It's arguable the Appalachian coal industry wouldn't have been unionized without armed agitation, but that may be unique to the region and the mine owners' eagerness to employ Pinkerton gunmen.

I'd say the last time armed resistance had direct impact on law was the abolition of slavery. Most specifically John Brown's taking of a federal armory in 1859. It didn't end well for Brown, his sons, or the freed slaves involved. It did, however, cause a polarization of public sentiment that accelerated the approach of civil war. Only after the other side was ground to paste was legislation changed nationwide.

To the commentors making a Vietnam analogy - short of storming federal installations ourselves, from whom are we to get the military-grade weaponry to put up any kind of resistance? Russia?


You could just as easily use the American Civil War as a example of armed resistance being ineffective. One of the largest armed resistances in history (the CSA) and it ended up achieving the exact opposite of its aims.


>When was the last time a law or policy was successfully fought and turned around in the U.S.?

Prohibition

Civil rights act

Roe v Wade

Gay marriage

Marijuana legalization


None of those fights had a Second Amendment angle, except possibly the Black Panthers' demonstrations carrying rifles. Those events instead resulted in California gun control laws being created more than contributing to the Civil Rights Act's passage.


Which is evidence that the government really does start to scared when armed citizens speak up for their rights.


Good list! I had not thought of those.

In which of those was the 2nd amendment used?

Having said that, weren't those slow change of the laws? I was thinking more about forceful events like the opposition to the Vietnam war, the yellow jackets in France, or what's going on in Hongkong right now.


Why would the US population result to armed rebellion when it has a robust and largely functioning method of altering policy?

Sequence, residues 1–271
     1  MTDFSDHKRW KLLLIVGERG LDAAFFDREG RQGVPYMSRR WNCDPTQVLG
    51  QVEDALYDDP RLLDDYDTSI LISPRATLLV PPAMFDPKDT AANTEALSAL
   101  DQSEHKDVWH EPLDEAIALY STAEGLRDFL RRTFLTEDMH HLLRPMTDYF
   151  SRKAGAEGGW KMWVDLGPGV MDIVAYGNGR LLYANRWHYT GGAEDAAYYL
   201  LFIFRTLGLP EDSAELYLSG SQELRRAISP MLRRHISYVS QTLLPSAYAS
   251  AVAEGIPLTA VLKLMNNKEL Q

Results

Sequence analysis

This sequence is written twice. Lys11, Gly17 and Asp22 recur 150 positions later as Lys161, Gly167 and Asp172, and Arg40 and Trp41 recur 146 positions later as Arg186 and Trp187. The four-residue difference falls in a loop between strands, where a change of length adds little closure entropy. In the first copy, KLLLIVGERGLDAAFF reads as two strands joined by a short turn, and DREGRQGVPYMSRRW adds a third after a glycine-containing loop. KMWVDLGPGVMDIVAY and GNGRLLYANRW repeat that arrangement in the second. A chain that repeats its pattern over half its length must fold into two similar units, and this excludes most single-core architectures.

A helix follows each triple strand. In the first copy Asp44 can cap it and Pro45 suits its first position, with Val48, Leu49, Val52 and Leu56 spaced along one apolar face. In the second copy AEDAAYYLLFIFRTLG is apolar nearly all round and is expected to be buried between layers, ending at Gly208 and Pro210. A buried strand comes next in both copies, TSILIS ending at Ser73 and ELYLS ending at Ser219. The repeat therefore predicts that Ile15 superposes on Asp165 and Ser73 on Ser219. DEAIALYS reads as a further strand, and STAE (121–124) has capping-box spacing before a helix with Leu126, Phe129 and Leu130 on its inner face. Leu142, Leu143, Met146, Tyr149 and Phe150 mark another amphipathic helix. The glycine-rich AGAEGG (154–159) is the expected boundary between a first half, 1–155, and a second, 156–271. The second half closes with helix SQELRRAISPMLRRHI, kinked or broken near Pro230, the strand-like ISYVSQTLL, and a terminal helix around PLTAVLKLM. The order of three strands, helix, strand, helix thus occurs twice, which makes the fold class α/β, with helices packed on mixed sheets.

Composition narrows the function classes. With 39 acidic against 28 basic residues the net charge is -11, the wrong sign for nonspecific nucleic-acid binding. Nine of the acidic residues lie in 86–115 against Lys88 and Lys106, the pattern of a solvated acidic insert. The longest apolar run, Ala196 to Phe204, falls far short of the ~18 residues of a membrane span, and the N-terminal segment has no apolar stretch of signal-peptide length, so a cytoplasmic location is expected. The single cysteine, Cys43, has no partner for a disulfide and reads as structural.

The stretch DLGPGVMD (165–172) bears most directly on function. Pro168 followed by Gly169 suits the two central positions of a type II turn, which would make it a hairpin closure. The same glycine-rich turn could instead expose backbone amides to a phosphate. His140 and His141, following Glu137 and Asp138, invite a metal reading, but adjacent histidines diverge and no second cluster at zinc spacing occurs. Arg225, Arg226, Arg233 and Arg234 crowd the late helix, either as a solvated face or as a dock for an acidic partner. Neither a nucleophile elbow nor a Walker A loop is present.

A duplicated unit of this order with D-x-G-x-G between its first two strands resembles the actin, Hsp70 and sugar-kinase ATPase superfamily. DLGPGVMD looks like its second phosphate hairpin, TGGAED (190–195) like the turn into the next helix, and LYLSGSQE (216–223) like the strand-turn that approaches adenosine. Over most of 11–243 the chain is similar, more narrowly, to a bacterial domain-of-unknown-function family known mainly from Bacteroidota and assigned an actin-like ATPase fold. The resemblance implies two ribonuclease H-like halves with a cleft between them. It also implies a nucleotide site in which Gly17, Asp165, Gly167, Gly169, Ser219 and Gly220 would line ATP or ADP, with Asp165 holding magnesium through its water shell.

Are the existing methods to change policies good enough? Are they good enough for the case where the government is forceful and not listening to the people?

How much longer would have the Vietnam war lasted if it weren't for large scale marches?

How many people's life got ruined because of marijuana laws for decades. Could have this been avoided with better ways to address harsh laws?

Are there really no law today that are almost universally hated, but kept on the book because of lobbying by companies or vocal minority groups?


Like, a couple of weeks ago? Unpopular or unconstitutional laws and policies are frequently overturned in the US at the national and state level.


Does the US government fear its own people ?

From the outside, it seems that police equipment escalated to get army grade vehicles and weapons, and the army has been to enough wars involving fighting civilians that they could crush most opposition in a matter of days.

Then what's happening in HK is masked "civilians" committing crimes, so the manifestant reacting to them with violence would also fall on the illegal side and it would be game for the police to intervene openly as strongly as they want.


>From the outside, it seems that police equipment escalated to get army grade vehicles and weapons, and the army has been to enough wars involving fighting civilians that they could crush most opposition in a matter of days.

Sure they "could" but will they. Right now the mainland populace knows nothing of this. If you let it turn into a bloodbath that could create a big enough international incident that people could find out. Is it worth the risk?

> it would be game for the police to intervene openly as strongly as they want.

And when the police don't want to prevent violence you get stuff like this[1].

Now, obviously the moral high ground in that example is reversed but my point is that the police need to want to prevent violent retribution if the locals want to inflict it and they are to prevent violent retribution.

[1] https://upload.wikimedia.org/wikipedia/commons/e/ec/Duluth-l...


> Sure they "could" but will they. Right now the mainland populace knows nothing of this. If you let it turn into a bloodbath that could create a big enough international incident that people could find out. Is it worth the risk?

Sorry it wasn't clear, I was talking about the police in the USA and the second amendment. I was explaining why I think civils having weapons just doesn't mean much against the current government.

> the police need to want to prevent violent retribution if the locals want to inflict it

Sure, we all agree. Here the gov/police is orchestrating the violence, so I guess we also agree they don't want to prevent it.


> Governments should fear the people, not the other way around. The 2nd Amendment is a check on tyranny.

How fearful is the US government of Americans? Consider:

- The US government surveils Americans when it wants, as much as it wants: https://en.wikipedia.org/wiki/Mass_surveillance_in_the_Unite...

- US police kill about 1,000 Americans every year. US police kill more Americans than terrorists do: https://www.washingtonpost.com/graphics/2018/national/police...

- US presidents assassinate US citizens without consequence: https://theintercept.com/2017/01/30/obama-killed-a-16-year-o...

- The US government can search you or your devices at the border without cause, even if you're a citizen: https://edition.cnn.com/2017/02/16/us/border-legal-rights-fa...

I see plenty of brazenness in the US government's behaviour. I don't see much fear.